In this tutorial we will be looking into how to output phylo4d_ext objects to various branch-annotated formats.
In a previous tutorial, we worked with a simple phylogenetic tree in class RBrownie:::phylo4d_ext. I wrote that tree to a file in simmap 1.5 format (using the methods we'll be reviewing here) and have attached it to this tutorial (download). The first step then is to open your R environment and download 'phyext_test.txt' to R's working directory (
Now, let's read that file into R:
phyd.ex <- read.simmap.new("phyext_test.txt", specialpatt=".*" )
class(phyd.ex) # 'phylo4d_ext'
read.simmap.new is RBrownie's function for reading in simmap 1.5 formatted files. The
specialpatt is a strange option and was added to fix some weird behavior; it should be gone in future releases (I think....). For now though, you should set it to ".*" when reading simmap v1.5 files.
phyd.ex has 4 tip nodes and 1 subnode (which can be viewed using
plot(phyd.ex)). Before we get started with the tutorial, we need to prune this object a bit, just to make it more manageable. Basically, we just want to get rid of a few data columns and add some internal nodes data.
First, let's look at which data columns are available for this object
Looks like we have 4 columns: "standard_char", "limbsize" , "numberbaldspots", "isrodent". We don't really need "limbsize" or "numberofbaldspots" for this tutorial so let's dump 'em:
phyd.ex <- rmdata(phyd.ex, c("limbsize","numberbaldspots")) # could have used c(2,3)
NOTE: rmdata also removes subnode.data columns if it can find matching indices
And let's also add some internal node data for 'standard_char':
tmpdat = data.frame("standard_char"=rep(1,3))
tdata(phyd.ex, type="internal", merge.data=TRUE, match.data=F) <- tmpdat
Okay, now we are ready to look at different ways to output this tree.
SIMMAP 1.0 and 1.1
RBrownie supports writing 'phylo4d_ext' objects to older-style simmap format (1.0 and 1.1) chiefly because 1.1 is the format Brownie currently reads. It can only handle one character per node/subnode and does not label that character (in contrast to simmap 1.5). Using the
write.simmap function we can see what this output looks like:
write.simmap(phyd.ex, usestate=1, vers=1.1, file=stdout())
Because simmap 1.1 is limited to one character per node
write.simmap by default uses the first data column, "standard_char" (
usestate=1 did not need to be specified). If we wanted to ouput "isrodent" instead, we could have:
write.simmap(phyd.ex, usestate=2, file = stdout())
write.simmap(phyd.ex, usestate="isrodent", file = stdout())
There are two things here to notice. First, the default version (
write.simmap uses in 1.1. Second, is that RBrownie will actually write out the NA values if that is what they are in your object
write.simmap.old is a wrapper for
Writing this object to a nexus file (instead of a newick file) is just as easy:
write.nexus.simmap(phyd.ex, vers=1.1, usestate='isrodent', file=stdout() )
If you look at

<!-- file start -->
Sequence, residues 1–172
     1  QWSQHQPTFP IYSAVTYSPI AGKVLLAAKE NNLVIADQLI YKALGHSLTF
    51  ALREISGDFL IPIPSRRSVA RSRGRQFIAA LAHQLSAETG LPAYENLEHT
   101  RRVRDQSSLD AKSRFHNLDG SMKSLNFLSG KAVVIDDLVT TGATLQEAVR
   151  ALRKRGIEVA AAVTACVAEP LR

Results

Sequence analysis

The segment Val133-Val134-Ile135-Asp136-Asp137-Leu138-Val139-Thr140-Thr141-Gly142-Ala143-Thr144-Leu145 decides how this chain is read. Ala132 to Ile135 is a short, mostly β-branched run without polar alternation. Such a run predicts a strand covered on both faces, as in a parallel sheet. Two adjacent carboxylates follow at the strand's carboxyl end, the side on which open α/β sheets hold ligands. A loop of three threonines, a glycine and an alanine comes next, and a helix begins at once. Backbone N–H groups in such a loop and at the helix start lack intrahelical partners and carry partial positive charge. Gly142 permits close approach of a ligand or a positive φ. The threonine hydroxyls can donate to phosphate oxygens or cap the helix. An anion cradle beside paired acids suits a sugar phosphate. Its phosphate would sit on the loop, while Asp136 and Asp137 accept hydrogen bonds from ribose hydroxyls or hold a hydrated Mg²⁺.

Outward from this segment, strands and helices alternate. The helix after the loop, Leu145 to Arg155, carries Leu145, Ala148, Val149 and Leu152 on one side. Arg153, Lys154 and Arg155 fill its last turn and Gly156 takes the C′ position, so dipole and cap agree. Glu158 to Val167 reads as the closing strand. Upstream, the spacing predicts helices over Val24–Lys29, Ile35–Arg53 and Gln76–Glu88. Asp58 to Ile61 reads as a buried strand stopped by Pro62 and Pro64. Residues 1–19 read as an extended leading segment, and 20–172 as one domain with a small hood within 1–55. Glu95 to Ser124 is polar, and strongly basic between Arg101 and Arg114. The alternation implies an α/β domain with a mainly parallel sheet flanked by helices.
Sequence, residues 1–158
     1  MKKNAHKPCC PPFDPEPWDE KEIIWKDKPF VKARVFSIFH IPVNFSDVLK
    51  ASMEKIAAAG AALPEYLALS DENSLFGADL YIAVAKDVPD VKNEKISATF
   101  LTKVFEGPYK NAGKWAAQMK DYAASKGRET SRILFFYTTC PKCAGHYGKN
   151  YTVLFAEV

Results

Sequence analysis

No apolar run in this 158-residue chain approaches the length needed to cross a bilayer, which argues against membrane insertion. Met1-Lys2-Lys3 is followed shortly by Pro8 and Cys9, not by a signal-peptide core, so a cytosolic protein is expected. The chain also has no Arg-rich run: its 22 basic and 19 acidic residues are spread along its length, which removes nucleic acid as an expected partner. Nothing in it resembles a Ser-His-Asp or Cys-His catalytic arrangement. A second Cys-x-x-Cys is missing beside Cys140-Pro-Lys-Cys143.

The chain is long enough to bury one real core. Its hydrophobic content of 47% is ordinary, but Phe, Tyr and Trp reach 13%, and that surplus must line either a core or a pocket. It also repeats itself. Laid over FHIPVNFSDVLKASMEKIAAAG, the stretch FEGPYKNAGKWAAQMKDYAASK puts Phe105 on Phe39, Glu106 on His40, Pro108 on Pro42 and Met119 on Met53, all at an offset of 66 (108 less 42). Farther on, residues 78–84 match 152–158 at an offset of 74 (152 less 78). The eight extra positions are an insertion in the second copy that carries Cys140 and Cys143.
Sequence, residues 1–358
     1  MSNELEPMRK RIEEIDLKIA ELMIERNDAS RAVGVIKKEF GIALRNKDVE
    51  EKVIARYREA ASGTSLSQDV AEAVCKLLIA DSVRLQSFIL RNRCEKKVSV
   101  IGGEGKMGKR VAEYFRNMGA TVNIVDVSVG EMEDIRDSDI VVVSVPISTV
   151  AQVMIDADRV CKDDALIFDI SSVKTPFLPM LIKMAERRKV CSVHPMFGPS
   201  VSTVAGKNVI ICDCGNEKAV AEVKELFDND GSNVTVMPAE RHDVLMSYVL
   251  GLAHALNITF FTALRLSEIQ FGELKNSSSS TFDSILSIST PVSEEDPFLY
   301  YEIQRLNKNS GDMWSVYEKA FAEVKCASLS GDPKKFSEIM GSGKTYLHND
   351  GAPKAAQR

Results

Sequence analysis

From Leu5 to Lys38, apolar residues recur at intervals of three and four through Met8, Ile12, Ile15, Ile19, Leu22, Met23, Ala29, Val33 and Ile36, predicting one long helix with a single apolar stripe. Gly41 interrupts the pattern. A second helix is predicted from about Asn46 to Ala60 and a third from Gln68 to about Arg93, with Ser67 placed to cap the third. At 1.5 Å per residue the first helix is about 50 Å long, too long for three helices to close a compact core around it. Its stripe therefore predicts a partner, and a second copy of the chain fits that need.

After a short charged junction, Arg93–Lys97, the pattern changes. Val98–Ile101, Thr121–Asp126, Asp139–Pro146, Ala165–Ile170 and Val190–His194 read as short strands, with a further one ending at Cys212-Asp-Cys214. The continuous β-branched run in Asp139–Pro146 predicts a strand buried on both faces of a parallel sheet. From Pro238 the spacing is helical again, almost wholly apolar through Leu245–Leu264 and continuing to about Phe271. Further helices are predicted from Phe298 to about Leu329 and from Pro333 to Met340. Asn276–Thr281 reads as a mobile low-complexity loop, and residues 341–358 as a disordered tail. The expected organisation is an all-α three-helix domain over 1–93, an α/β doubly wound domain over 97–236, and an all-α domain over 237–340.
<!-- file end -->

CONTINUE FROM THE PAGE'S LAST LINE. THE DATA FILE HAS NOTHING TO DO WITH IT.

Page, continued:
args(write.nexus.simmap), you'll see that the only arguments it accepts are a tree (
obj) and a flag indicating whether or not to translate the taxa names (
translate). Any other options specified (like
usestate) are passed to
write.simmap through the ellipsis argument (
The simmap 1.5 format is different from it's predecessors in that it supports the output of multiple variables per node and keeps them named. For example:
#write.simmap(phyd.ex, vers=1.5, file=stdout())
Notice how when
usestate was not specified, all variables were written out. But we can select only one or the other if we'd like:
write.simmap.new(phyd.ex, usestate="isrodent", file=stdout())
write.simmap.new(phyd.ex, usestate=2 , file=stdout())
The interface for writing out nexus files is simmap to version 1.1 as well:
write.nexus.simmap(phyd.ex, vers=1.5, file = stdout())
Finally, let's quickly test to make sure the read and write functions actually work together:
text10 = capture.output(write.simmap(phyd.ex,vers=1.0,file=stdout()))
text11 = capture.output(write.simmap(phyd.ex,vers=1.1,file=stdout()))
text15 = capture.output(write.simmap(phyd.ex,vers=1.5,file=stdout()))
newphyd10 = read.simmap(text = text10, vers=1.0)
newphyd11 = read.simmap(text = text11, vers=1.1)
newphyd15 = read.simmap.new(text = text15, specialpatt=".*")
all( tdata(phyd.ex) == tdata(newphyd15), na.rm=T) # TRUE
all( sndata(phyd.ex) == sndata(newphyd15), na.rm=T) # TRUE
'RBrownie:::brownie' is an extension of 'RBrownie:::brownie' and classes of that type will work with all the functions above. However, there are also special write functions for writing 'brownie' objects to file using a modified nexus format which are directly compatible with the Brownie program.
This function is called
writeBrownie. It takes a 'brownie' object and writes TAXA, TREES, CHARACTERS, CHARACTERS2, and ASSUMPTIONS block where the last two blocks are optional. All the trees in the TREES block are written in simmap 1.1 format as this is the format Brownie currently works with.
Using our tree/data
phyd.ex, we first need to convert it to a 'brownie' object:
br = brownie(phyd.ex)
And now we can write it to file:
#writeBrownie(br, file="junk_brownie.nex", usestate=1)
readBrownie("junk_brownie.nex") to read it back in
writeBrownie writes all data except
usestate to either CHARACTERS or CHARACTERS2 nexus block, separating the data by data type (continuous or discrete).
usestate data is written only to the TREES portion of the file in old-style (1.1) simmap. And that's it, the function is pretty simple.
Again, please post any specific questions or bugs you encounter. Thanks!